Wednesday, November 13, 2013

I Just Wanna Know You Better

Camp Papa and LJ
Yesterday my tennis coach said to me, "Becky, all I'm gonna say is, enjoy your kids while they're young." She had been regaling me with stories of how her college-age children were driving her crazy. They actually sound like delightful people, but her family is adjusting to their new life stages.

This morning, Laura wanted to get to school early for a science review session, so we pulled up in the drop-off lane at 7:45, right after we got Hank to school. Kids aren't allowed in the building before 8, so we sat together in our heated seats while Taylor Swift sang on the radio. Laura was tired and not animated. She'd been home late from swimming and then had studying to do. In the mornings--some mornings--I bear the brunt of all of Laura's annoyance with the universe. The angle of the sun, the air temperature, the sogginess of a cheerio, these things are probably my fault. It's okay, I am maddeningly unfazed by her moods. Some days she saves all her charm and her stories, all her sparkly cheer, for her daddy, which I get. I totally get it.

She sat there and woke up a bit and then kids started to pop out of cars and go into the building. A male teacher I didn't recognize walked by the car and smiled in at us through the window. I said, "Who is that?" Laura opened the door and slid down from the seat. As she did, she turned back and said, "He's one of the vice principals. He's in charge of discipline."

She said "discipline" so archly! How does she know to do that? And she raised an eyebrow and half smiled. In that moment it was like she was twenty years old. I felt like I was looking at myself. Her whole expression just nailed this humorous, like, skepticism about the whole enterprise of, I don't know, discipline? The institution of school? It made me laugh, and she walked away, and her long blond hair was behind her like a flag.

For some reason, out of a whole day, that was a moment I wanted to tell you about.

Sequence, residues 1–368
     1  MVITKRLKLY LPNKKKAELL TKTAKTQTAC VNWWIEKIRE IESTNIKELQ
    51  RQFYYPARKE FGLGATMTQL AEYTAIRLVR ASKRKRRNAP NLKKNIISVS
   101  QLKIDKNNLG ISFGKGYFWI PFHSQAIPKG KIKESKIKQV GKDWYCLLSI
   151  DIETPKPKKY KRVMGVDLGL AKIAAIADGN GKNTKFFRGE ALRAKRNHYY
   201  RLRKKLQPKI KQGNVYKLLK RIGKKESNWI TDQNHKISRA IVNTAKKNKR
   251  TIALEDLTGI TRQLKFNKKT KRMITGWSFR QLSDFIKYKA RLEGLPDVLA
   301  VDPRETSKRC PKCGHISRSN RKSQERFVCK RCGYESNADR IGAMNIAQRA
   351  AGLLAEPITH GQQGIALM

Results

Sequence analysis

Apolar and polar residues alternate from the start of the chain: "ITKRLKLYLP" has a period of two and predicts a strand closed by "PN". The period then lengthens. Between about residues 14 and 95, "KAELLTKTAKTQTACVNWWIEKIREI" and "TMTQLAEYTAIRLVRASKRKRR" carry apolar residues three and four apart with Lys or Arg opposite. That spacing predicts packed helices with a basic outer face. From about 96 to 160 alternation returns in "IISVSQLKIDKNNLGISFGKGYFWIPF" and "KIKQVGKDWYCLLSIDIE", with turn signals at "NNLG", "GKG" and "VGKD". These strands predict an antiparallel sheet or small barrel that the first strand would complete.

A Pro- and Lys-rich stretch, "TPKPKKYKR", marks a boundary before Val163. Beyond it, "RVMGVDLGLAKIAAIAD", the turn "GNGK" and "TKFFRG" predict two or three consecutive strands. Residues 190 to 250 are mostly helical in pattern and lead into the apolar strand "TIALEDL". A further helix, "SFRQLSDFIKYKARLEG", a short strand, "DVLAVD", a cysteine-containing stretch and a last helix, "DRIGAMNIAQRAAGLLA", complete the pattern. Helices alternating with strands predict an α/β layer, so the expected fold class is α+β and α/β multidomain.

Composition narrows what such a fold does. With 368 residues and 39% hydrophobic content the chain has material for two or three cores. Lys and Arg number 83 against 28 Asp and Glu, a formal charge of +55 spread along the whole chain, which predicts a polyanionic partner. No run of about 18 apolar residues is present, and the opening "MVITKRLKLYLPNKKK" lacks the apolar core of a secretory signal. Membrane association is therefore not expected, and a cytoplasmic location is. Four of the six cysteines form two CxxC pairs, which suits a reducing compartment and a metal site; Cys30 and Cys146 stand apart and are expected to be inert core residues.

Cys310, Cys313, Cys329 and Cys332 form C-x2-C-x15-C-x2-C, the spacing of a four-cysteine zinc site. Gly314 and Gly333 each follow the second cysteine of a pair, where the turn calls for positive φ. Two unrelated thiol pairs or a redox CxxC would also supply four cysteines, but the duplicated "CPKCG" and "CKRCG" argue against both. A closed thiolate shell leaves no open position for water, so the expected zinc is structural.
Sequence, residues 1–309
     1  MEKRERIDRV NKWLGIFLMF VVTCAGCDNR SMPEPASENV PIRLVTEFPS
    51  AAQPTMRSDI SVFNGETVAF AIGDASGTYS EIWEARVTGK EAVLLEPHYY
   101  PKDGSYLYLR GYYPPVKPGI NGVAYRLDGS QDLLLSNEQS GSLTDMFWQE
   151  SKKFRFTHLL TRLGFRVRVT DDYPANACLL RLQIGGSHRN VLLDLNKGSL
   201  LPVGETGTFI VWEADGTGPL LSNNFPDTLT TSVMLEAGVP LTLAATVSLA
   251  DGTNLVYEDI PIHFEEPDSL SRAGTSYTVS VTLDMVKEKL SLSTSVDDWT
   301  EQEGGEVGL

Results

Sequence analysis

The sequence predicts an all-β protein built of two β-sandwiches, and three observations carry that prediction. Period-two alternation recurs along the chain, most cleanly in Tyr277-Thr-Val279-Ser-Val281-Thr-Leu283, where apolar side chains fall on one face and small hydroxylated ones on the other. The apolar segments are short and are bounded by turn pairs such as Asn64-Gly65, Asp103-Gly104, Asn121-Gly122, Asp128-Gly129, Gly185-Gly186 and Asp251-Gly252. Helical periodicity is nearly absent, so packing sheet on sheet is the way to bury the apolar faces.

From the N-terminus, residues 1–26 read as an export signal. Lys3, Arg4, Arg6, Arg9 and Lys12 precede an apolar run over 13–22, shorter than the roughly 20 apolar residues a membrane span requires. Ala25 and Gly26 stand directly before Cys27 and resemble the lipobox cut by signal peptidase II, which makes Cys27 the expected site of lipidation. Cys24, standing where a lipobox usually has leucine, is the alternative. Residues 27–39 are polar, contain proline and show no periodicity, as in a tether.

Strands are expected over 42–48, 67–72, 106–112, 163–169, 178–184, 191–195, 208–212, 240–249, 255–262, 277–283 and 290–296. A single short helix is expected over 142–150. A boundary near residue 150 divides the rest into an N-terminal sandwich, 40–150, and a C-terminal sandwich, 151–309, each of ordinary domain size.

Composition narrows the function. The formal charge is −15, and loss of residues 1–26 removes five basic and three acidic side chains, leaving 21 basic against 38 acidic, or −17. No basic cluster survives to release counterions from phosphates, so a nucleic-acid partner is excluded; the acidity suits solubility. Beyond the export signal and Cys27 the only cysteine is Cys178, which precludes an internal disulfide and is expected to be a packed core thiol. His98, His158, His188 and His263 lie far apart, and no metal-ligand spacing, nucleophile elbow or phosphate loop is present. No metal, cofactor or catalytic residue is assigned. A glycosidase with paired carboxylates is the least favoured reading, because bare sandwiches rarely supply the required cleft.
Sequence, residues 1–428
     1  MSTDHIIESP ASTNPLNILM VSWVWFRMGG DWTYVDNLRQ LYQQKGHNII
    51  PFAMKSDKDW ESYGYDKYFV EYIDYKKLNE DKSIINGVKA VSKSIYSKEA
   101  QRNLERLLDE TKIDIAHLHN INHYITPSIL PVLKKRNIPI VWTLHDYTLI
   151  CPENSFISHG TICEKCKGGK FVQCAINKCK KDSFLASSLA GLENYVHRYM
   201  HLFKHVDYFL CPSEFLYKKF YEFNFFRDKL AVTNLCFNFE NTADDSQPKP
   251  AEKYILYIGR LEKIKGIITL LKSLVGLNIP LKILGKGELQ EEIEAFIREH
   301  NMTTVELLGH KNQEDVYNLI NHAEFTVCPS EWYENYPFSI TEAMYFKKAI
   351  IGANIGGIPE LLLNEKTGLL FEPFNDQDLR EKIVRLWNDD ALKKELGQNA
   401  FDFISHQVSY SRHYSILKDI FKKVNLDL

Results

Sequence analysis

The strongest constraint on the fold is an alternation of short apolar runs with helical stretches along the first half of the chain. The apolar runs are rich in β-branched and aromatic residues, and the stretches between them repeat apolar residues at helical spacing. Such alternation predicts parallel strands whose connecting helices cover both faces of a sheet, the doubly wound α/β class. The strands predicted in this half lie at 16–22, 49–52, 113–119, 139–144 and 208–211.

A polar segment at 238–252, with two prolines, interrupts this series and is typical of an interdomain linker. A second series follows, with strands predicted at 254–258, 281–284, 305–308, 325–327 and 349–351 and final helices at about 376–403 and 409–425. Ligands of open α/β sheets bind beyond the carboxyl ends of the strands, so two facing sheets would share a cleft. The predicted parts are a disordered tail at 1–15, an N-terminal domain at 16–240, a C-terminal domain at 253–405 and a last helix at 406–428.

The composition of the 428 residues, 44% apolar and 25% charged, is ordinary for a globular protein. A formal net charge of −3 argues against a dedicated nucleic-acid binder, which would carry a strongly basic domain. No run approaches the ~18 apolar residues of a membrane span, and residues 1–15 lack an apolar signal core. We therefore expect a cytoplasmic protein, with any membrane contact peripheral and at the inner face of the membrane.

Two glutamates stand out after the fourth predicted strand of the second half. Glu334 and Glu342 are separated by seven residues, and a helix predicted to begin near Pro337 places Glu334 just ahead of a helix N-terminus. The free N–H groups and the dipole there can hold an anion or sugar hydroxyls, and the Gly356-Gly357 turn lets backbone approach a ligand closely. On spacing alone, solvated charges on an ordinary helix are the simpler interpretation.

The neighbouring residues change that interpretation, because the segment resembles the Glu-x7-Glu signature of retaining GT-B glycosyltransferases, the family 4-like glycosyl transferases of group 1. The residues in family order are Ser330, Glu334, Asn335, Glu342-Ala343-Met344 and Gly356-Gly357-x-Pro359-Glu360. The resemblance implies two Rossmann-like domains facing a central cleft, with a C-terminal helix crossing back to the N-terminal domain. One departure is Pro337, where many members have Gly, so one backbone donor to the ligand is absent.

(Because I also napped, had lunch with Matt, and played tennis, we could talk about those but the shadows grow long.)

I hope you had a moment you liked.


Camp Papa said...

When Laura was two years old I told you that you that you might need a blue ribbon panel to rear her. It turns out that you've done pretty well on your own.

Camp Papa said...

The extra "that you" is for emphasis.

Star said...

super post. The marvelous woman-to-be peeking out. thank you for sharing.

jo said...

Sounds familiar to me, my oldest daughter is now 25 and at home she was grumpy, moody & petulant. While she was out she was the perfect human being..funny, kind, engaging. Now she is far far away in London & misses & appreciates me & tells me so. I did a good job apparently! It takes some time but it all comes back to you in the end.

Beth said...

I'm wondering about this moodiness thing. You are wonderfully patient, Becky, and I'm often not. We worry about how much we should tolerate from the 10 year old, and how much we need to teach him that just because you are crabby, you can't treat people nastily? Do you have any insight? It's my husband in particular who worries that if we don't reprimand all the rudeness that we are somehow condoning it. I don't know. We worry all the time.

Becky said...

Beth, yes, I see what you're saying. We draw a big distinction between moodiness and rudeness. Our kids can be in any mood they want, but they have to be civil. We absolutely reprimand rudeness--I think you're right to do that. And you have to do it less over time, thankfully.

Zero tolerance on child rudeness.

But crabbiness? Grousing? We ignore or use humor. One of my oft-use lines when the kids complain unecessarily about something is, "I'm sorry your life is like this." And that usually shuts them up because the see how ridiculous they sound.

Beth said...

Becky, that is a great distinction. I think we have some work to do on that front, because when the 10 year old is moody, he usually takes it out on everyone else, snapping at people and being short with them. I think perhaps I haven't been modeling this very well. :-)

Lisa Lilienthal said...

I love that you are "maddeningly unfazed" - it really is the best strategy, but sometimes so hard to achieve!

Elizabeth said...

Perfection. Isn't it grand to be a mother?